I’ve been thinking about how I ran my public speaking classes in the past. I’ve also been thinking about Dr. Prezz’s recent entries about authenticity in education and standards-based grading. I’m re-thinking how I put my classes together, and here’s what I’ve come up with so far.
1. I’m teaching at a community college where it’s likely that none of my students is going to go on to address the U.N. While I’m certainly not discounting the possibility, mind you, I’m also mindful of the fact that this class should be less about public oratory and more about confidence in communication. I want my students to leave this class with the skills they need to negotiate with a superior, make presentations to clients, and speak to small groups of people they don’t already know.
2. I will not apologize for making the students read and write during this class. It’s a communication class, after all, and communication is far more than just talking and texting. Learning to be a proficient (and an efficient) writer is an important component in learning to be a confident speaker, and I’m going to get my students writing on day one.
3. Going along with my goal that the students learn skills that they can take with them into their professional lives, I AM going to assign them a topic for at least one of their presentations. It’s true that, at least once or twice in their careers, they’re going to be asked to work on or put together a project or presentation that they’re not personally invested in. Finding a way in to work like that – finding a way to take something that doesn’t interest you and figuring out how to do it well, anyway – is an important skill I want my students to have.
4. I’m also not going to apologize for looking closely at speeches from history – and from right now – and teaching students to analyze what they read and hear. Communication isn’t only about transmission, either; I want my kids to understand what’s being said to them, to question what’s being said to them, and to draw conclusions and make connections in such a way that the information they receive means something.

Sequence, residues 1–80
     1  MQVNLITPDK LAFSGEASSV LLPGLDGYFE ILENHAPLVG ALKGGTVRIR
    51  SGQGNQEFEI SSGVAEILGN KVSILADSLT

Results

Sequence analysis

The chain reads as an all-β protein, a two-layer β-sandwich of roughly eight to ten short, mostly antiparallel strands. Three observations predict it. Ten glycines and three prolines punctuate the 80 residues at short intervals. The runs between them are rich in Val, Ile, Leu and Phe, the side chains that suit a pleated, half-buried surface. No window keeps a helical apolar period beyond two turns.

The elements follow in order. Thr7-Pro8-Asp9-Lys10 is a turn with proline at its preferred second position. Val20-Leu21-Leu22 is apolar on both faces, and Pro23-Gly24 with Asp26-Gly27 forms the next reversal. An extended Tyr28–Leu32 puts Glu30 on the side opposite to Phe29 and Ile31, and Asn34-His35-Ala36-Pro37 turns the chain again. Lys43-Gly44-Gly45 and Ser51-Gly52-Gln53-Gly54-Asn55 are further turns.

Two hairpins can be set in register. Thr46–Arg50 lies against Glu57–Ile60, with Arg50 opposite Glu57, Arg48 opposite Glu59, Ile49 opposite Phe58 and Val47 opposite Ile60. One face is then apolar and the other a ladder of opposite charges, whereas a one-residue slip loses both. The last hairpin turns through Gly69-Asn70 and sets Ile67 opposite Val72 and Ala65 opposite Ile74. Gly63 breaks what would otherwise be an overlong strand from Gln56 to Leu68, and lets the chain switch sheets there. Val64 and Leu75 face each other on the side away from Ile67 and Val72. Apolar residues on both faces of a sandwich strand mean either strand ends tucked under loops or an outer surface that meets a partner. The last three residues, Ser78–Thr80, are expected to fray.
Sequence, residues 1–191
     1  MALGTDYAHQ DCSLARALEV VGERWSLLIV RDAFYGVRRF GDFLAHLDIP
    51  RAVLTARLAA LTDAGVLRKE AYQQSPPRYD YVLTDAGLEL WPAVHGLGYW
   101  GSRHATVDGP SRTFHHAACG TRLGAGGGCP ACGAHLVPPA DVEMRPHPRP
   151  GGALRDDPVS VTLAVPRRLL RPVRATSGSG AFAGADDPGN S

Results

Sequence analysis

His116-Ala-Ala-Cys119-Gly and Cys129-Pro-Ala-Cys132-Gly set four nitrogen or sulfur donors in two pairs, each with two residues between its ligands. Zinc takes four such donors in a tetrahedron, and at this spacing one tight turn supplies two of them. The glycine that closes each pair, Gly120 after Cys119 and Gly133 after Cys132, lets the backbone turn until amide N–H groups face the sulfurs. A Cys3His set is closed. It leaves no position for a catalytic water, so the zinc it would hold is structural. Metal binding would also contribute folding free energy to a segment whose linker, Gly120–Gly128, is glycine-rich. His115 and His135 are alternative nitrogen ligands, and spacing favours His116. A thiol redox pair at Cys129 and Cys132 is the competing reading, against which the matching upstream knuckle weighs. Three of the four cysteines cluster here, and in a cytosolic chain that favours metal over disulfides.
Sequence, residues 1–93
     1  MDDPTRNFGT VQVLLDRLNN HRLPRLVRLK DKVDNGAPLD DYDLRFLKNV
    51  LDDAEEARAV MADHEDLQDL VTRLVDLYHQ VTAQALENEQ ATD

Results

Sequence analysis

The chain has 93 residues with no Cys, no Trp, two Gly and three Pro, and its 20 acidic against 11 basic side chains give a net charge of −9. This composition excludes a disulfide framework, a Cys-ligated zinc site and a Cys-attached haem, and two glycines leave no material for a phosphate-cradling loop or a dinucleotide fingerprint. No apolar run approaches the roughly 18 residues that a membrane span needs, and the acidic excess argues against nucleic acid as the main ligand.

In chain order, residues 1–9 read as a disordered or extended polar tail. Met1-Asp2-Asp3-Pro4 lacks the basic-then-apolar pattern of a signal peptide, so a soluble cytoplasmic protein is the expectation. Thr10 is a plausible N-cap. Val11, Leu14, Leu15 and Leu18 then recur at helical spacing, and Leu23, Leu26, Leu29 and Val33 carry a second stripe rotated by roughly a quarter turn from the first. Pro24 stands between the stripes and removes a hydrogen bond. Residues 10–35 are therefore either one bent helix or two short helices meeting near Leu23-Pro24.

5. I’m going to be far more clear about the standards for grading this term than I’ve been in the past. Students will receive rubrics along with their assignments, so they’ll know exactly what skills and techniques I’m looking for as I assess their work. While this will represent a bit more work for me, it also places responsibility for performance directly into the students’ hands. If I tell them that I’m going to be looking closely at their Power Point slides, and their slides are bland, boring, and misspelled, then no one should be surprised when the grade reflects that. Conversely, if I don’t say I’m going to be focusing in on the polish of the written part of the presentation, then the student needn’t put hours of work into it. Students know where to put their effort, and I can zero in on just those things. Everyone wins.
I’m going to be spending a good chunk of this afternoon getting my syllabus in order. Class starts on Monday, and my intention is to hit the ground running and to keep up that pace until March. Wish me – and my students – luck!